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Restaurants & Bars 10

Rubicon DAT Dinner

Melanie Wong | Jan 19, 200505:17 AM

Two weeks ago the gang of girlfriends had our monthly dinner at Rubicon. It had been a few years since my last visit. It was my turn to pick and I was lured back by the DAT promotion. On this rainy night, I had a new appreciation for how relaxing and cozy it can be while providing top notch service. A party of seven, we were seated at the round table at the back of the ground floor. We all ordered from the DAT menu selection, and noted that the promotion was the first page in the menu book and not hidden away.

The wine steward took a quick look at the two bottles of wine we’d brought in – 1993 Michel Lafarge Beaune Greves Premier Cru and 1996 Jasmin Cote Rotie – and returned with the appropriate stemware all round. Michelle stage-whispered to me, “there now, you have a wall of Riedel in front of you, feel better?” And, indeed I did. Wine service was excellent throughout, living up to Rubicon’s rep.

A small rosette of goat cheese mousse adorned with toasted pepitas, crackly bread crumbs, EVOO, and some olive puree was the gift from the kitchen. This interplay of creamy, chewy, crisp, and oily textures was the first of many carefully constructed textural combinations that would delight us all evening.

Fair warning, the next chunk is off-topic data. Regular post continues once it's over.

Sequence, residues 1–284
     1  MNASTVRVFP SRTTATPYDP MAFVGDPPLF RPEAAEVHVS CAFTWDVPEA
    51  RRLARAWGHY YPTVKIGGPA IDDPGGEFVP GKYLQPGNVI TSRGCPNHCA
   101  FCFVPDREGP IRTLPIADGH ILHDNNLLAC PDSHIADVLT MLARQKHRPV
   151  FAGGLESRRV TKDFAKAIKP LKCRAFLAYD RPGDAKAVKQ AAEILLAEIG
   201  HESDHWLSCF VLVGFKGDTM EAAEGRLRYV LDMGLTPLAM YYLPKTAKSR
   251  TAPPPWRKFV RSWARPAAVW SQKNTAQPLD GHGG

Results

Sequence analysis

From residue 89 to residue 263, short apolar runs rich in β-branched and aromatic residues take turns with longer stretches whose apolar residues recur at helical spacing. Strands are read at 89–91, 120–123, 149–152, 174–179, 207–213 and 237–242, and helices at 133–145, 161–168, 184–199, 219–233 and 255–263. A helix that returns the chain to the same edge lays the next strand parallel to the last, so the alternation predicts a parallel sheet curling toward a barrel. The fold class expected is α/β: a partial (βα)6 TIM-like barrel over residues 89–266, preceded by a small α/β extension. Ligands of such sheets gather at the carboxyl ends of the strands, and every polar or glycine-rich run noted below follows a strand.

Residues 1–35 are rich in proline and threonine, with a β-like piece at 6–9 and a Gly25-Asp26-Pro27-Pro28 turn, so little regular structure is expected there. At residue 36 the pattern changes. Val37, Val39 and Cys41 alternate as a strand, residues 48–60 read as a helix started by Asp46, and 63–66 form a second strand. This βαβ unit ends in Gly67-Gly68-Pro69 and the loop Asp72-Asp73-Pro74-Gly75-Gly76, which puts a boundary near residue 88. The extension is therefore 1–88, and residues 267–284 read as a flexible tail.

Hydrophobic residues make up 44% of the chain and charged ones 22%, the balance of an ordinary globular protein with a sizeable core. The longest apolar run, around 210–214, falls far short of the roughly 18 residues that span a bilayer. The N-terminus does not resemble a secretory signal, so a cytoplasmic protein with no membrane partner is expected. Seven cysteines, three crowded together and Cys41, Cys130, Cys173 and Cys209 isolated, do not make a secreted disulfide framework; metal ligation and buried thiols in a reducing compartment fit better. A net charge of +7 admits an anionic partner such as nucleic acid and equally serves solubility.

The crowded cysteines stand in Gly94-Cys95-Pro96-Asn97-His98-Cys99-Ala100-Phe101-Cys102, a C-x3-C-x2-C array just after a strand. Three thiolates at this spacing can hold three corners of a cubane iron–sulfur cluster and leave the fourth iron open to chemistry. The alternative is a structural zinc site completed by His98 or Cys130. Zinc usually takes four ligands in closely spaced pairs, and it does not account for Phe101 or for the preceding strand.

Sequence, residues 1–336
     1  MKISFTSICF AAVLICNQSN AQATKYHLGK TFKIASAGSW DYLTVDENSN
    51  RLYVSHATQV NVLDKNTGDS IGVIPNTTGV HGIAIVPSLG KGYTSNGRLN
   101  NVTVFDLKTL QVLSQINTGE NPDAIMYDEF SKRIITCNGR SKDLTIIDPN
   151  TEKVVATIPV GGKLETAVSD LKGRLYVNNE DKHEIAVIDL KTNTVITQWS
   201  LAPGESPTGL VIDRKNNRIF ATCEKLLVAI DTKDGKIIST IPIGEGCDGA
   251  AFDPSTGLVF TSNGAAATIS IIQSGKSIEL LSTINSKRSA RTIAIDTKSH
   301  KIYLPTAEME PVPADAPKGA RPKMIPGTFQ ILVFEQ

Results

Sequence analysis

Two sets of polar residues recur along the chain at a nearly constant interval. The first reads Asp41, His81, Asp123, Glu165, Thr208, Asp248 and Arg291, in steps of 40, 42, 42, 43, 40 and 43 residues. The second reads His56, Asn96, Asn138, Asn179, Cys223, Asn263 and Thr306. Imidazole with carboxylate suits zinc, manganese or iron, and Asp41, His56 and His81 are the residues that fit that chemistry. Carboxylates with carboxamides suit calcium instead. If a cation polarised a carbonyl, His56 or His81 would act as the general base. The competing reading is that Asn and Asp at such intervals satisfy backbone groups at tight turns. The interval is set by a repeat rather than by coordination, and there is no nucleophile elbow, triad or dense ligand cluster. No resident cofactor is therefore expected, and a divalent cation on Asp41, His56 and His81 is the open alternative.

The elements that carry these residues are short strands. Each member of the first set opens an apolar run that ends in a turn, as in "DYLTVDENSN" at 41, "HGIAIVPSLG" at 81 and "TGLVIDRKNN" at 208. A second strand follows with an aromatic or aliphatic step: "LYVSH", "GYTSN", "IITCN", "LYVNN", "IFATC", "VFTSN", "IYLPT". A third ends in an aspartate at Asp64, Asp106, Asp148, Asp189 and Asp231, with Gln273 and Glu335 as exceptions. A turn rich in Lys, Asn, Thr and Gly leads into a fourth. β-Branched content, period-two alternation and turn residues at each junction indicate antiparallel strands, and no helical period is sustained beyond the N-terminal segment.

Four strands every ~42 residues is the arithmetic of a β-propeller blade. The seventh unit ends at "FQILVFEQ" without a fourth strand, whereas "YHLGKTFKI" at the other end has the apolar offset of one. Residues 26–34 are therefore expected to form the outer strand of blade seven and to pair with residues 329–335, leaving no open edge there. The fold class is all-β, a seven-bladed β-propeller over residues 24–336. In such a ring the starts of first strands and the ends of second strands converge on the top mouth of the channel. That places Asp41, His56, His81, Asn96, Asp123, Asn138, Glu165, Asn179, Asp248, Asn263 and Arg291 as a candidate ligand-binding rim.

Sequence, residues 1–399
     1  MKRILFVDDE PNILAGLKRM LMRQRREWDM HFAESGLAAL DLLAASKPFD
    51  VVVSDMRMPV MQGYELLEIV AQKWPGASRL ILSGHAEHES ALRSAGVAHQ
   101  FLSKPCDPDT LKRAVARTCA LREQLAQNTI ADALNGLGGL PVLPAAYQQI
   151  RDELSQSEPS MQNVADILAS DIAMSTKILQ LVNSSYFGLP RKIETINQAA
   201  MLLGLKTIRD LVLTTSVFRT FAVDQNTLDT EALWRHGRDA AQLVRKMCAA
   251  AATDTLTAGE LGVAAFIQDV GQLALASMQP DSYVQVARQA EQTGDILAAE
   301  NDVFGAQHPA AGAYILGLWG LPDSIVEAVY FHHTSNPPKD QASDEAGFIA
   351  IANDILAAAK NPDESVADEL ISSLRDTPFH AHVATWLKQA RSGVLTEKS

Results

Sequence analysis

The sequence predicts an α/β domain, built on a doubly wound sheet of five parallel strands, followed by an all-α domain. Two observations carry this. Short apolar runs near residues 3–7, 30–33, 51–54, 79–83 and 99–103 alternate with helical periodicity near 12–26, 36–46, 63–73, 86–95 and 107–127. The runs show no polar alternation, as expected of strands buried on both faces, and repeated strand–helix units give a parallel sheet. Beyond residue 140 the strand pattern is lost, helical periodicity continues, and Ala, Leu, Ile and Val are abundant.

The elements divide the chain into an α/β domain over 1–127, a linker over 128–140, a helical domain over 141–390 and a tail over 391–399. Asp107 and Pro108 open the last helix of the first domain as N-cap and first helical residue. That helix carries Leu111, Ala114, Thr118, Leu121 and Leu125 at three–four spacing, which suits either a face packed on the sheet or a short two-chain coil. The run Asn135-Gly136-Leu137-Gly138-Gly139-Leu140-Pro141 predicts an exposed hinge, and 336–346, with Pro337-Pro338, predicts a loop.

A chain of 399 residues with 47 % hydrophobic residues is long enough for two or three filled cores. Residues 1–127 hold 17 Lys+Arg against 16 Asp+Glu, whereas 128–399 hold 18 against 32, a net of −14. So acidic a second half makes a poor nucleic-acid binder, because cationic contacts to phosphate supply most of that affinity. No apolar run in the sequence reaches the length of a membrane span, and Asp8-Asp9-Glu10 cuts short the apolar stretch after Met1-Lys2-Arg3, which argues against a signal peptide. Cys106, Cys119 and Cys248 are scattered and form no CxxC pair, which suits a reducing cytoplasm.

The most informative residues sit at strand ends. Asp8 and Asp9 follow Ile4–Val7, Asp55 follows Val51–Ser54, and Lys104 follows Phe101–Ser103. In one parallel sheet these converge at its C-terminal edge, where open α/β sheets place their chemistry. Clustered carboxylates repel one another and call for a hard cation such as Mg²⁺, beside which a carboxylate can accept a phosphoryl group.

Choices for the first course were:
Sake steamed Bouchot mussels, marinated melon & shiso
Preserved yellowfin tuna in extra virgin olive oil, cannelini beans, dandelion greens, cumin crème fraiche
Autumn green salad of red pears, flame raisins, Capricious goat cheese, crisp sweet potatoes

I didn’t try the salad, but I loved the other two. The saucing on the tender and mild mussels was exquisitely haunting and elusive. Miriam said that without the description of the ingredients, she would have never figured out what the flavors were. The aroma of the shiso leaf was so exotic and enticing. I had to stop myself after dabbing two bits of bread in her light yet very flavorful sauce.

The tuna dish was not at all what either Kathy or I expected, but we loved it just the same. A conical pile of the combined ingredients in the center of a huge bowl, the flavors steeped into one another and were punctuated with a dab of cumin crème fraiche on the side for contrast. The dry crunch of the croutons mingled with chewy greens, creamy beans, and dryish bits of tuna. The tuna itself was a fairly minor player.

The salad greens were piled high on small plates. Across the table, I watched Cynthia taking tentative bites of the crispy chips of sweet potato saying, “I like these, but I don’t know what they are”. Later I noticed the same chips left behind on Barbara’s plate, and she commented, “they don’t have much flavor, so I didn’t eat them, the pears and everything else were good.”

Image: http://home.earthlink.net/~melaniewon...

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